Iraqi tensions rise between partners in power sharing: Anthony Skinner, associate director for the Middle East region at Maplecroft, the political risk consultancy, reports.

Author:Skinner, Anthony
Position:Current affairs: REGIONAL

THE MAJORITY OF IRAQIS WOULD AGREE that their country's emerging and fragile democracy is deeply flawed. Though not demanding the removal of Iraq's government, demonstrations in Baghdad, Mosul, Basra, Ramadi, Diwaniya, Fallujah and Tikrit underline the acute level of popular frustration felt towards a government that has failed to respond to public needs. Demonstrators since early February 2011 have called for an end to chronic shortages of food, water and electricity, in addition to an end to corruption, economic and political mismanagement and the creation of more jobs. While Prime Minister Al Maliki is seeking to discourage further protests and diffuse public pressure, tensions between the political blocs, which form Iraq's government, will remain high and possibly increase further.

Al Maliki's combined use of stick and carrot to reduce the momentum of protests has been controversial. A disproportionately ruthless crackdown, including arrests, beatings and use of live ammunition by the security forces against protesters, was accompanied by promises of change and material incentives to improve the lot of the Iraqi population. While parliament's financial commission has indicated the government will create 288,000 new jobs, the prime minister has also pledged to grant each citizen 15,000 dinars (approximately $12) a month to compensate for reduced food rations. The country, according to Al Maliki, will no longer face electricity shortages by winter--a promise which some independent observers regard as unrealistic.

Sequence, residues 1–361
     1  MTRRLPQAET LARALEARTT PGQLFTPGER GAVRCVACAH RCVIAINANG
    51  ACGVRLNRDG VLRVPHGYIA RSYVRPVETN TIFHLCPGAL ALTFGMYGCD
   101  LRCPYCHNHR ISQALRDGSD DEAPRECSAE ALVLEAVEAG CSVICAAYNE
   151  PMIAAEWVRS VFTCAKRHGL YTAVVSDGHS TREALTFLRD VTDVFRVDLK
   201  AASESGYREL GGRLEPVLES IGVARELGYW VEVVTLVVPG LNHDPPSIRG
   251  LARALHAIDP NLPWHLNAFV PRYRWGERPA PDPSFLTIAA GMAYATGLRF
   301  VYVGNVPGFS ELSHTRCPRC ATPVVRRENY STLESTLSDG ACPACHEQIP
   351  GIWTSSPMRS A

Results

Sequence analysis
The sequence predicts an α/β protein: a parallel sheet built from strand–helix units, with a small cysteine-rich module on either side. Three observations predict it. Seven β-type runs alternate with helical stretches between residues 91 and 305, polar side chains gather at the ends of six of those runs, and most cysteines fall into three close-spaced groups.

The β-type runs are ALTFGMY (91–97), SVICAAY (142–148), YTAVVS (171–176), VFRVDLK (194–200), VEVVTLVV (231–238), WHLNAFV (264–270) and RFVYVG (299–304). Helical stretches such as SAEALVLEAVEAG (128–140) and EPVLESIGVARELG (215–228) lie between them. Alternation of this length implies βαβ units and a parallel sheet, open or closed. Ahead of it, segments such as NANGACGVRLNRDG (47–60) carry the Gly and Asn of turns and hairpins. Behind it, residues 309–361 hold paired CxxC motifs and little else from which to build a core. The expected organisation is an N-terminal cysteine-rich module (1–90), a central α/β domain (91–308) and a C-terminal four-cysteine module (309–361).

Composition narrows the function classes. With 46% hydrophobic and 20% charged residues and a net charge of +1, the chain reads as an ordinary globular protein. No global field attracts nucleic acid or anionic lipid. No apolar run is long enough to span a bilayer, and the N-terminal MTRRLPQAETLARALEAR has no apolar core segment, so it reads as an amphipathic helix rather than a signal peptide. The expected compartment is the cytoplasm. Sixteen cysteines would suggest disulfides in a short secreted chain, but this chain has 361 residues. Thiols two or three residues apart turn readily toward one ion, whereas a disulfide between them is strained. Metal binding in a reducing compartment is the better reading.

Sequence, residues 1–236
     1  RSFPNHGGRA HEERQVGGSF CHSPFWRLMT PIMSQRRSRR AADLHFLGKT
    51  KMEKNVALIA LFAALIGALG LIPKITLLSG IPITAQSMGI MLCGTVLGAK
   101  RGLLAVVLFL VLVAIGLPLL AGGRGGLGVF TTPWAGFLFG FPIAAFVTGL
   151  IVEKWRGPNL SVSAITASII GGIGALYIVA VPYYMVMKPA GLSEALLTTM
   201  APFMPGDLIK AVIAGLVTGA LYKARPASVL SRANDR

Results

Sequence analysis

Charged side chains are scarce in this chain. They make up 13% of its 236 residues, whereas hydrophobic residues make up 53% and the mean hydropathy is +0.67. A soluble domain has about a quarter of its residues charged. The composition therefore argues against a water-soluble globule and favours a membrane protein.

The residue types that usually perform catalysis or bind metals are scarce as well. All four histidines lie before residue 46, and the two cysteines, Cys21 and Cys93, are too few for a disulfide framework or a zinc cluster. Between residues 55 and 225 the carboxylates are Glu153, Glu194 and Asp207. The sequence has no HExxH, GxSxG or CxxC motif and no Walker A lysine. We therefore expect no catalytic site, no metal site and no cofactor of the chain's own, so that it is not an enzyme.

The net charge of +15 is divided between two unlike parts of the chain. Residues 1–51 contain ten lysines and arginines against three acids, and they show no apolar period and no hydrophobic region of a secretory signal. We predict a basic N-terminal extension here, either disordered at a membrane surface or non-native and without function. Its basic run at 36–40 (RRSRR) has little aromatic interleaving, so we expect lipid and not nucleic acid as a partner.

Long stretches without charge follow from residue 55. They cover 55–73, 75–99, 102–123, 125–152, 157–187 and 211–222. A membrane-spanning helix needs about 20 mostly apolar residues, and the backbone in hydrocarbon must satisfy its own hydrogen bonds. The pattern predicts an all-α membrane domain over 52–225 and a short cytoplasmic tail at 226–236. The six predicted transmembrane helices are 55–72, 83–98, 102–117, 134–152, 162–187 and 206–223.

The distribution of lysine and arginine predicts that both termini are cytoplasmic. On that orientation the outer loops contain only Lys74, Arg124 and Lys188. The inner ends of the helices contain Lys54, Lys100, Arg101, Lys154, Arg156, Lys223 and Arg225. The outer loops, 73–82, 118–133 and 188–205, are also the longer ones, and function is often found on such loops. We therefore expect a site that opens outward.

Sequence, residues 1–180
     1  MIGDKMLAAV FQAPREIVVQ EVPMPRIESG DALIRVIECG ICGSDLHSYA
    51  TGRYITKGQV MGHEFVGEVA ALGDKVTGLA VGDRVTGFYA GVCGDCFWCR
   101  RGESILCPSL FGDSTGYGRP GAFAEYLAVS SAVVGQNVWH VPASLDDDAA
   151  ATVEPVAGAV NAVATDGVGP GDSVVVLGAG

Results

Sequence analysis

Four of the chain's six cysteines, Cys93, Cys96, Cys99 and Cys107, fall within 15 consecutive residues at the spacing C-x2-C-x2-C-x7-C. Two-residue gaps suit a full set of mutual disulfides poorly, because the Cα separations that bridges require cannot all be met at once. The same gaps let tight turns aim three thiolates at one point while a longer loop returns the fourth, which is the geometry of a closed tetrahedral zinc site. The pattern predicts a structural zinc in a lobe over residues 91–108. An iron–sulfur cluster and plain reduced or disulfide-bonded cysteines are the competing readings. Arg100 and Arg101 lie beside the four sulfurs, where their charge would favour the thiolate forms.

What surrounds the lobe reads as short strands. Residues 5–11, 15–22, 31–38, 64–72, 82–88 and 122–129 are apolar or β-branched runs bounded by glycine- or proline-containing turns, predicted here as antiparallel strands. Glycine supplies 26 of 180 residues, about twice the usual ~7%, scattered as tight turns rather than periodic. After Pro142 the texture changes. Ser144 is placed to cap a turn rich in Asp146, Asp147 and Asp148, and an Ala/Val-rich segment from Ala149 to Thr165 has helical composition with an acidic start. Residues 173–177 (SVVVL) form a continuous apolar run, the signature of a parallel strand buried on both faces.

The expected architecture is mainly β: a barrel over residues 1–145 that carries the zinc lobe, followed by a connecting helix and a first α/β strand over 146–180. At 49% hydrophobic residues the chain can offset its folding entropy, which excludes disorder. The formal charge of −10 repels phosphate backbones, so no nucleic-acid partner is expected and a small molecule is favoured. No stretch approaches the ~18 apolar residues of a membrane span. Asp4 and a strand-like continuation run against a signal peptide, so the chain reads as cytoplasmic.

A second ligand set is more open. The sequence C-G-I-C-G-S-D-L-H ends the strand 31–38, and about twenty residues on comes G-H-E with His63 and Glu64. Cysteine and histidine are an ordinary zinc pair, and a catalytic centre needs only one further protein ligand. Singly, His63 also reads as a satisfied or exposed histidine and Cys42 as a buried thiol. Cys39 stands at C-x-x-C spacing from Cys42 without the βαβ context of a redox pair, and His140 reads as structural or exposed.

Political partners Iraq's prime minister has also made personal gestures to the public while endeavouring to deflect criticism for his failings as a leader. Al Maliki has promised to slash his own salary--believed to exceed $350,000 per annum--by half. While pledging not to seek a third term in office, he has also ordered cabinet ministers to pull their socks up. Following an emergency cabinet meeting in late-February, the prime minister announced that he would give government ministers 100 days to tackle corruption and deliver results in their respective areas of responsibility or face the sack.

Provincial councils and governors have been used as scapegoats for the failings of central government. Following an anti-climactic 'Day of Rage' by protesters on 25 February, Al Maliki declared provincial council elections would be held early. Members of Iraq's provincial councils were quick to reject the announcement, arguing that the...

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